Visiting Namdaemun after the fire – As many readers probably already know, the wooden roof of Namdaemun collapsed early Monday morning after being set afire by an arsonist on Sunday evening. I saw video of Namdaemun smoking on the news Sunday night, but firefighters had trained their hoses on the gate and everything appeared to be under control. It wasn’t until the next morning that I learned the fire had not been contained and the superstructure had collapsed.
For those who have not heard about the incident, Namdaemun is the southern gate in the wall that once surrounded the city of Seoul (“Namdaemun” means “Great South Gate” and is a popular appellation—the official name of the gate is Sungnyemun). It was built in 1398 and was the oldest wooden structure remaining in Seoul, and for nearly the past fifty years it has been designated National Treasure No. 1.
I was in Seoul yesterday, and since I had some time before I needed to be anywhere I decided to walk down to Namdaemun to see it for myself. I ate a quick breakfast with Hyunjin near the Sejong Cultural Center, and then Hyunjin went to work and I headed south toward the gate. I spent about forty minutes there and took forty-five photos in total, and I’ve chosen nine of them to share with you.
(Today’s entry is something new for Liminality. Photos that appear in Journal entries usually don’t link to bigger versions—I save that for my Imagery galleries. But I felt that these photos needed to have bigger versions, and I didn’t want to limit myself to the brief commentary format of an Imagery gallery. So I decided to do something different—I’ve linked the smaller photos embedded in this entry to larger versions (click on the photos to see them), and I’ve put up an Imagery gallery that contains just the photos and brief captions as a companion piece to this entry for those who might want to view the photographs in more of a slideshow format.)
I don’t know how many times I have walked south from the Gwanghawmun/City Hall area along Sejong Street toward Namdaemun. I can tell you that I’ve done it far less frequently in recent years, especially after we moved out of Seoul, but when I first came to Korea I spent a lot of time in the city center. It was always nice to see Namdaemun standing there amidst the swirl of traffic. It used to be the centerpiece of a traffic circle, but recently one section of that traffic circle was eliminated and a large, grassy area was created in front of the gate. It made it a lot easier to appreciate the national treasure, and I can remember spending some time late last year doing just that.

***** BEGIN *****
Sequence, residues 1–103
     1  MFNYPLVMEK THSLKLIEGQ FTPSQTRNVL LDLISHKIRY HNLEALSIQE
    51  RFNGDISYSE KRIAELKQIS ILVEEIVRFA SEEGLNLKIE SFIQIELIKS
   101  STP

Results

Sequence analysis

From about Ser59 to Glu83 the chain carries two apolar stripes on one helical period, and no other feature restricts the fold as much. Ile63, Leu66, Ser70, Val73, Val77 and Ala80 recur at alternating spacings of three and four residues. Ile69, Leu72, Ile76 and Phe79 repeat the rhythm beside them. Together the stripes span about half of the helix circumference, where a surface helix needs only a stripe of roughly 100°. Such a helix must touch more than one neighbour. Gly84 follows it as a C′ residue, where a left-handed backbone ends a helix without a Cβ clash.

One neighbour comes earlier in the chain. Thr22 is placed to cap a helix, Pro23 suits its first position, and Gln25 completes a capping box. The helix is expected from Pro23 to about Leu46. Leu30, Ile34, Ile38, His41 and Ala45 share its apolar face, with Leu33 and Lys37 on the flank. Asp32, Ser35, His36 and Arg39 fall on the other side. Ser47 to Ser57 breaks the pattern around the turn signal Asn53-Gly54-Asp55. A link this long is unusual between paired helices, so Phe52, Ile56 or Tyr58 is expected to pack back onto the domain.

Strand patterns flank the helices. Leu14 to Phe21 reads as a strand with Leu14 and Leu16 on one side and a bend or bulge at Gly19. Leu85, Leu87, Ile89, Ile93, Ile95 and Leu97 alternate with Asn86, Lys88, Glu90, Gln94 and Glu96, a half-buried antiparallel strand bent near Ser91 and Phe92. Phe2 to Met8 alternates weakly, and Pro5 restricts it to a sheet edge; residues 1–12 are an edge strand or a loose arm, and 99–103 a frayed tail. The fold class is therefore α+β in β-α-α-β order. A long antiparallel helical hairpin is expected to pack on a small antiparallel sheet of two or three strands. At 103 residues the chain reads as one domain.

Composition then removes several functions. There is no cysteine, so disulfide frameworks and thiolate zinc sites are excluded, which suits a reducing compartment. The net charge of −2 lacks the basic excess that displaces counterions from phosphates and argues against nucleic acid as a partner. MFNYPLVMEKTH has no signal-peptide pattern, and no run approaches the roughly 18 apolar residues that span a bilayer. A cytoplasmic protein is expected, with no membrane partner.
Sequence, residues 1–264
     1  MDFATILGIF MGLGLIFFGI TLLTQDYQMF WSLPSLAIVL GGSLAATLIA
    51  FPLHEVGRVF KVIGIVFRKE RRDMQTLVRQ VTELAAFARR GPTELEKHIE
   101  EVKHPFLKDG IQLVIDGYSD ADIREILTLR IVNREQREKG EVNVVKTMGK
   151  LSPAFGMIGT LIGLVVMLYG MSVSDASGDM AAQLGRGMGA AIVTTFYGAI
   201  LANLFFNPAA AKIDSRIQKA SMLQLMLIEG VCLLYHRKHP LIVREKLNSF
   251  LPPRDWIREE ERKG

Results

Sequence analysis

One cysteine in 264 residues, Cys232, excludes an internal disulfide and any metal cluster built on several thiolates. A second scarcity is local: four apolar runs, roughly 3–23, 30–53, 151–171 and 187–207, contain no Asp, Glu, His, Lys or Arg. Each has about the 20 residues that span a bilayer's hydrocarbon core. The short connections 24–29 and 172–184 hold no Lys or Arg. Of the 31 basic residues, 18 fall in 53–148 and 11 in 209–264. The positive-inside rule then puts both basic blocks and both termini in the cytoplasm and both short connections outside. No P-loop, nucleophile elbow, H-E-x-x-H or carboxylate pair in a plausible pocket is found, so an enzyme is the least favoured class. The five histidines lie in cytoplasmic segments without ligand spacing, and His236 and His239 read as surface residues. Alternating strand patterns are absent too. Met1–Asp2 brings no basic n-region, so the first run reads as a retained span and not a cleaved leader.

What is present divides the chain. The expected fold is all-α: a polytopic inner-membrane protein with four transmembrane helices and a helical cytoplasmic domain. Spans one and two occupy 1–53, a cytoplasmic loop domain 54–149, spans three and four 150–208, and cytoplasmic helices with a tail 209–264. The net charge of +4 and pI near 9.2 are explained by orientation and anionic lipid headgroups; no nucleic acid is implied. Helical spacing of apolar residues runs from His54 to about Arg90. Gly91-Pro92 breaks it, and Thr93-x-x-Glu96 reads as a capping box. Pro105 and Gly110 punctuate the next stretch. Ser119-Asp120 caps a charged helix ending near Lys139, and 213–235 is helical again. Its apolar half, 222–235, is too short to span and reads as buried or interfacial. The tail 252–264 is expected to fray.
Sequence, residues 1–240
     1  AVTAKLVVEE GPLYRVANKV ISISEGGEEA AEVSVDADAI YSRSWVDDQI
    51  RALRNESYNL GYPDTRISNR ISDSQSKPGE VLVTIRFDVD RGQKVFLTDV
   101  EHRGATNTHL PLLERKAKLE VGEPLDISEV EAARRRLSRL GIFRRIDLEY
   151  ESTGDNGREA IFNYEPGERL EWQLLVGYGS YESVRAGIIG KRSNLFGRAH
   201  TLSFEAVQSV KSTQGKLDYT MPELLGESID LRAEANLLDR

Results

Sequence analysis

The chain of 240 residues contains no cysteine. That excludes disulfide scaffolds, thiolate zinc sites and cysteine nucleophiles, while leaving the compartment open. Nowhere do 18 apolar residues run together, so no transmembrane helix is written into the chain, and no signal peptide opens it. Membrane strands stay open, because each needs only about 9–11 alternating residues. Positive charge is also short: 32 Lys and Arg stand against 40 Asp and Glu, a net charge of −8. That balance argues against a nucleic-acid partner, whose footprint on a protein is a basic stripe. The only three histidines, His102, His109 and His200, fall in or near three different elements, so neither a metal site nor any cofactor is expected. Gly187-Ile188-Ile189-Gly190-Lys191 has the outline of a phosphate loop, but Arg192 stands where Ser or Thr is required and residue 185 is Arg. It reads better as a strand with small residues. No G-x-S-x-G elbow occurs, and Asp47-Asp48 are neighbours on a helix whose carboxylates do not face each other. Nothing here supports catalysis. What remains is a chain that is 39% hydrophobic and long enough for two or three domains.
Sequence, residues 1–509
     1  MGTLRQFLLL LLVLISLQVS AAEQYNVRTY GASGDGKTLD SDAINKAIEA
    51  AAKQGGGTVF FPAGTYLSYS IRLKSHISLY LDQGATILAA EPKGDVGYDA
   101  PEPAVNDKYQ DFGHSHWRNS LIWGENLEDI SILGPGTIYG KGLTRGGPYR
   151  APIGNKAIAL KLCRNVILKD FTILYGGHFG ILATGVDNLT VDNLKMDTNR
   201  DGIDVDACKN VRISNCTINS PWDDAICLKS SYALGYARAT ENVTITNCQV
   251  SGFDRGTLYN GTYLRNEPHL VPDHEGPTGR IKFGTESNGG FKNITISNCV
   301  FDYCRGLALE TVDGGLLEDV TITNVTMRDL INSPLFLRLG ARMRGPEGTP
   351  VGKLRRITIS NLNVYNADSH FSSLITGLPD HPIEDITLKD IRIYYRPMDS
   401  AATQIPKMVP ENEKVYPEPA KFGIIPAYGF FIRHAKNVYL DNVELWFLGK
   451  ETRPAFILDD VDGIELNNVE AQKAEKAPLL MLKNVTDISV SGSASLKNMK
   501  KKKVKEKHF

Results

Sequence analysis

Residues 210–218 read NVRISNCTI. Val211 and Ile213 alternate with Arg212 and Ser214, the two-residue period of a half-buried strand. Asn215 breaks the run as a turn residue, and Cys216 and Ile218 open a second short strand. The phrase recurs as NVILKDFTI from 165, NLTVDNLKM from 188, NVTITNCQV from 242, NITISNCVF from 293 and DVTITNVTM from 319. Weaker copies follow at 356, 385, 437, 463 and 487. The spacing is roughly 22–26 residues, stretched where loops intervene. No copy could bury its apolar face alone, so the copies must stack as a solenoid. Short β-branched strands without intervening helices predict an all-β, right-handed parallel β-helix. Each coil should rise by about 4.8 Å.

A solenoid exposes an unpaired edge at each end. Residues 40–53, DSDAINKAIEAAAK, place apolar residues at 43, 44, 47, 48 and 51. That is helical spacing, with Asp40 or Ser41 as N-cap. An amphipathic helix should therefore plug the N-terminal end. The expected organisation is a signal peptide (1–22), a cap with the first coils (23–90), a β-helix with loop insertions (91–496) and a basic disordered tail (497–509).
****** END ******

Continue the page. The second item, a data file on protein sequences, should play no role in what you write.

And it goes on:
Yesterday morning, though, was different. It was bitterly cold and windy, as it often is in Seoul during the winter, and even though there were no leaves on the trees that lined the street, they still obstructed the view of the gate. When I got closer, though, I felt sick to my stomach. I was surprised that this was my reaction—it is a tragedy, for certain, but I didn’t expect to feel physically ill. It passed, though, and I snapped my first photo from the western side of Sejong Street, north of the gate. The light was wrong, so the gate can’t be seen too clearly, but there is no doubt about what happened.
I walked east across the street and stopped when I reached the sidewalk to turn and take another look at the gate. I could see more clearly now, and through the entrance gap in the makeshift barrier that had been erected I could see a pile of rubble. Within the superstructure itself, workers wearing bright orange safety vests and hardhats were clearing away the rubble. The roof was completely gone; only the framework that had held it up remained, and that, too, was severely damaged.
I began to circle around the gate toward the south, and I watched the people around me. There was not a single person who walked by who did not look up at the gate, like how plants will turn to face the sun no matter where you place them. A lot of people stopped, and most of these people did what I did—took photos. Some people had cameras, but many just had their cell phones.